Thursday, August 25, 2011

GreenCastleBlock demonstrates the basic checkmates

Another nice YouTube video from Matt Pullin!

Wednesday, August 24, 2011

Strong Chicago showing in L.A.

I have yet to see games from the 1st Metropolitan Chess Inter,national , a 9-round norm event held August 17-21 in Los Angeles.  But our local players certainly did well.  GM Mesgen Amanov tied for second with a 6½-2½ score.  GM Dmitry Gurevich had a mediocre event, but still scored 5½-3½.  Eric Rosen had an IM norm in his grasp, but lost against IM Mark Ginsberg in the last round.  (Note to Eric: I beat Mark Ginsberg when I was sixteen.)  And NM Adarsh Jayakumar beat up on the locals (including IM Jack Peters) and gained some ELO with his 4½-4½ score.

GM Michael Adams simply outclassed the field: he won with a 7½-1½ score.  One wouldn't want to be playing him in the World Cup!

Changes to the Chicago Blaze lineup!

Tom Panelas reports.

First as tragedy, then as farce

No comment.

Tuesday, August 23, 2011


Rumor has it that there's an organization called the Chess Journalists of America.   (I cannot find a website for "Watching Paint Dry Journalists of America.")

As with the Academy Awards, the CJA occasionally honors someone who richly deserves it.  This is one of those rare moments: congratulations, Maret!

CJA Best [USCF] State Chapter Website Runner-up
Official website of the State of Illinois' USCF chapter
Designed by Maret Thorpe

Top 200 players in Illinois

Check out the list!

Sunday, August 21, 2011

From Chess Cafe to chess in cafés

National Master Vince Berry has a bright thought: we should compile a list of chess-friendly restaurants, cafés, and other businesses that give a home to casual chess.  Chess happens in surprising places.

In the 1980s, Vince and I used to play at the legendary P-K4 barbershop across the street from Holy Name Cathedral, and Vince remembers a resale shop at Roscoe and Damen that supports casual play.  You'd always find Rick Lang and the late Raj Yahya at Ennui (Lunt and Sheridan, in the same building as Papa Dee's Chicago Chess Club); it's closed now!  Memories like these are nice, but tell us where you're playing chess now.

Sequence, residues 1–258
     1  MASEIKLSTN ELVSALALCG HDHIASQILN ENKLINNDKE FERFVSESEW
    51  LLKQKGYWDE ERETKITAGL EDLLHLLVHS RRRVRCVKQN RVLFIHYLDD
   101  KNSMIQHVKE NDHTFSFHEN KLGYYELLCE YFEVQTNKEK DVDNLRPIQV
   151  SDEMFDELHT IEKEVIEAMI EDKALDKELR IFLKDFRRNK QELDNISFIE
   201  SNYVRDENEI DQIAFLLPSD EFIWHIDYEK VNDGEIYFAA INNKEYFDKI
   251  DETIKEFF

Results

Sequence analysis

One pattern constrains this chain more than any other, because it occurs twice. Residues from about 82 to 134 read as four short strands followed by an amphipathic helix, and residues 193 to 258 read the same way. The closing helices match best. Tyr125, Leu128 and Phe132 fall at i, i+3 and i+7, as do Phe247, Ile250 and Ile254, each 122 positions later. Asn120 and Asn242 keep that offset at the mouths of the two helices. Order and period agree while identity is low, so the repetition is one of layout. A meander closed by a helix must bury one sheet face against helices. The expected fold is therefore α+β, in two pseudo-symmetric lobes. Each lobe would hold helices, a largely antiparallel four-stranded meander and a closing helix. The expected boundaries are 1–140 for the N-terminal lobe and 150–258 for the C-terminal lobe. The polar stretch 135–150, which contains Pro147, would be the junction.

I go to Pressure Billiards & Cafe (6318 N. Clark) to study chess.  It's not a chess hotbed, but it's chess-friendly.  Sometimes a friend will be on ICC, and sometimes I'll get suckered into playing blitz risers.

"The process of elimination"

Sherlock Holmes enjoyed berating Watson for failing to execute this procedure:
"You will not apply my precept," he said, shaking his head. "How often have I said to you that when you have eliminated the impossible, whatever remains, however improbable, must be the truth? We know that he did not come through the door, the window, or the chimney. We also know that he could not have been concealed in the room, as there is no concealment possible. When, then, did he come?"
Mark Dvoretsky's current column in Chess Cafe has some wonderful examples of applying the principle of excluding possibilities in practical play.  You don't have to calculate why your chosen move is best if you already know that the alternatives lose!

J. Moravec, 1925
White to play

For example, what's White's best move in the above position?

Dvoretsky's The Instructor is the best monthly column on the web for players at or above the advanced intermediate level.  If you print out a couple dozen columns from the Chess Cafe archives, you'll have enough material for a couple dozen afternoons in your favorite café!  (Bring your set.)